LAKELAND Cardinal Gibbons’ dominance the past few decades solidified its spot as one of the top wrestling programs in Broward County.
Saturday, the Chiefs only made it official as the most decorated team in the Broward history.
Led by three state individual state champions, Cardinal Gibbons won the Class 1A team title — the fifth in school history since winning its first in 2002.
The Chiefs came into the finals with five wrestlers going for gold and held what turned out to be an insurmountable 17.5-point lead on Orlando’s Lake Highland Prep.
Sign Up and Save
Get six months of free digital access to the Miami Herald
Coach Frank Pettineo’s program eclipsed the four state titles won by legendary McArthur coach John Lyzott (1979, ’86, ’88, ’89), which carried the banner as Broward’s best for so many years.
Gibbons tied Oviedo for fourth in state history in overall team titles.
“We finally broke the record,’’ said Pettineo, whose team had not won since 2011.
A total of six wrestlers from Broward won individual titles although the one really expected to do so didn’t.
One of the biggest upsets of the night came when Gibbons’ Jamal Morris — who had been toying and bloodying his opponent at 138 pounds — got stuck in the final minute of the third.
Morris, trying to become just the second Broward wrestler to ever win four state titles in a career, led 12-6 when Max Wohlabaugh of Orlando Bishop Moore put Morris on his back with 45 seconds remaining. Wohlabaugh, with his face wrapped in gauze because of the blood, got the pin with 17 seconds left.
Morris, 40-1, was trying to match Jonathan Taylor — who led Gibbons to the first two of the school’s team championships — as Broward’s second four-time champ.
“Jamal may have lost his match, but without him, I don’t have a team,’’ Pettineo said. “He volunteered to wrestle up at 138 ... That took a lot of character. He made a mistake, didn’t focus the way he should have during the blood [timeouts]. That doesn’t take away from what he’s done.’’
Jamel Morris, Jamal’s twin brother, finally got his first state title as he took a big lead on Lake Highland’s Elijah Cleary early and held on for a 10-4 win at 132 pounds.
“I played it smart and let him do all the work,” Jamel Morris said as his brother took the mat to warm up. “I knew if I stayed up I would win the match. I was nervous at first, but now I’m excited.’’
As the Chiefs became the 14th state champion from Broward, Stranahan — which won the first three in 1971, ’72 and ’75 — dipped into its history with senior Kenny Boyd wrestling in the Class 2A finals for the second consecutive year.
On Saturday, Boyd became Stranahan’s first state champion since 1982.
“This is amazing,’’ Stranahan coach Thomas Harrison said. “We wanted to restore the glory, and I’ve talked to the kids about what Stranahan wrestling was. This is a big step.’’
Boyd finishes 38-0 by avenging last year’s loss in the finals by beating Tristan Sommer of Tallahassee Lincoln 12-8 after getting two points with eight seconds remaining.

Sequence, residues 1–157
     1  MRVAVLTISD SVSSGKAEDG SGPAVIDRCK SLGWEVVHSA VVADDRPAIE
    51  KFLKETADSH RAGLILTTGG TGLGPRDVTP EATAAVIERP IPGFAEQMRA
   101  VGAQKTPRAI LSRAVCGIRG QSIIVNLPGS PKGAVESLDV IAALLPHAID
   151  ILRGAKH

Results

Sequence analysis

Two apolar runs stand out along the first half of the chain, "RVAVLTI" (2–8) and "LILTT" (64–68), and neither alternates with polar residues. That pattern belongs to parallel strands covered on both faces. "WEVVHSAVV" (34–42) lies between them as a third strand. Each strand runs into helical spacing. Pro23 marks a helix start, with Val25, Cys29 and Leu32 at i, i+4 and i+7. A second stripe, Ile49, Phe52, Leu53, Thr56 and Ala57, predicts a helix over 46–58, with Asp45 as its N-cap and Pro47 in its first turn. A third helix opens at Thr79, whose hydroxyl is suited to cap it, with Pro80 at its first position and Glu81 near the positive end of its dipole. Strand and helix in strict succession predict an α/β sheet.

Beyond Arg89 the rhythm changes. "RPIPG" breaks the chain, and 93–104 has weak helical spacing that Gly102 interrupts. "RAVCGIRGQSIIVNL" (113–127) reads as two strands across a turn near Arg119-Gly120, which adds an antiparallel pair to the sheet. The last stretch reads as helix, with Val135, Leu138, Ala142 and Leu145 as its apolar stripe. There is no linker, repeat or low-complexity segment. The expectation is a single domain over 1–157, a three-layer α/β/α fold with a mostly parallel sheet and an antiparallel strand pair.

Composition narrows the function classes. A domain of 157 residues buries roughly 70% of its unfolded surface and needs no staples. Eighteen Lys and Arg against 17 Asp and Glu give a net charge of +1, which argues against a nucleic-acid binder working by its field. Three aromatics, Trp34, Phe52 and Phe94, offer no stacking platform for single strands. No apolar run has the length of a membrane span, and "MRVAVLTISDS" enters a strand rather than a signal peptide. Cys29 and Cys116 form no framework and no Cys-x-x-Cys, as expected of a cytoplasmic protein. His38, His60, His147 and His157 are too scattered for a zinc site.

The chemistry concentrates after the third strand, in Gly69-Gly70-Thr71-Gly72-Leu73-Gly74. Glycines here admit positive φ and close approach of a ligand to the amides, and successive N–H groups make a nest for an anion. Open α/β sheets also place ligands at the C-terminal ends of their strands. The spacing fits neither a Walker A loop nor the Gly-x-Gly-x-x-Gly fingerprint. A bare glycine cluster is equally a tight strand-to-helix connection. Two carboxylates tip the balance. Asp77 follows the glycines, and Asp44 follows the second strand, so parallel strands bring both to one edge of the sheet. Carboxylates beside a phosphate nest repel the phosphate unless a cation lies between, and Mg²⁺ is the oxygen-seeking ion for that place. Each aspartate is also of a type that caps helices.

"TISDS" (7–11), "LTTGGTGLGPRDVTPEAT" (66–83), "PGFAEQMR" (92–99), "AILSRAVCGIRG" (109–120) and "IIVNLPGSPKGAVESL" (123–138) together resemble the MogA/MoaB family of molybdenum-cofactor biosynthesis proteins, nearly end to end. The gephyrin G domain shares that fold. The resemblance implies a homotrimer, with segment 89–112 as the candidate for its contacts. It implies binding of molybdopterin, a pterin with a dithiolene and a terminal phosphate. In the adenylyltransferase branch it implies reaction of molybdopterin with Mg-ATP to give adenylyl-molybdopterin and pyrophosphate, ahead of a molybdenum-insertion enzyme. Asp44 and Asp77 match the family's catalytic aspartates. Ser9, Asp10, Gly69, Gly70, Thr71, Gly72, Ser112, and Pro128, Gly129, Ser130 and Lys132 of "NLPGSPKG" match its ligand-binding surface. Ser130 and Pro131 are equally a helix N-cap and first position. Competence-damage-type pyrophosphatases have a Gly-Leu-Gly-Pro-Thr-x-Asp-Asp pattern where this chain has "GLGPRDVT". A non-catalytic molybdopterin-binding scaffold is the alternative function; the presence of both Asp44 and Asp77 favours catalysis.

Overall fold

“I was tired in the third, but I ended up pulling through,’’ Boyd said. “I think I deserved it. I’d been thinking about [last year] every day. This is what I worked for.’’
Broward started out 0-1 in the finals as Lake Highland’s hopes got an early boost when Jake Brindley dropped Gibbons’ Kennedy Monday 4-0.
Monday, a sophomore, was 37-0 going into the 1A title match at 113 pounds but fell behind 2-0 late in the second before being dropped with 52 seconds remaining.
The Chiefs were able to clinch their title, however, a few minutes later when Anthony Vazquez ended his year 38-0 with a late escape to earn a 4-3 win at 126 pounds.
Jamel Morris’ win — during which he took an early lead and let his opponent just try and catch up — avenged Kennedy’s loss.
Ryan Thomas ended Broward’s night with a 2-1 victory at 195 pounds to become Gibbons’ third individual champ.
“I found it in my heart to keep pushing, keep pushing because I knew the clock was running down,’’ said Vazquez, who slipped free of Donovan Hough of Tampa Prep with five seconds left to win.
“This is very fulfilling. I know how hard we work as a team. Hard work really does pay off.’’
St. Thomas Aquinas put two in the finals with senior John Weiss winning at 170 and Sal Guerriero losing at 138 pounds.
Weiss took a 6-3 lead on Spencer Lacey early in the third and ended up with an 8-3 win.
“It’s an amazing feeling to know everything I worked for paid off,’’ said Weiss, now 51-4. “I’m pretty happy to end the season for St. Thomas with a win. It’s awesome. I’ve been aiming for this for five years.’’
Somerset continued its strong showing in Lakeland as the small school in Pembroke Pines crowned its fourth state champion in the program’s three-year history when junior Raekwon Reggler dominated Brandon Marshall for a 5-2 win.
“I tried really hard, but [Marshall] was really strong,’’ Reggler, 58-1, said. “This just feels amazing. I couldn’t believe I won a state championship. It just feels awesome.’’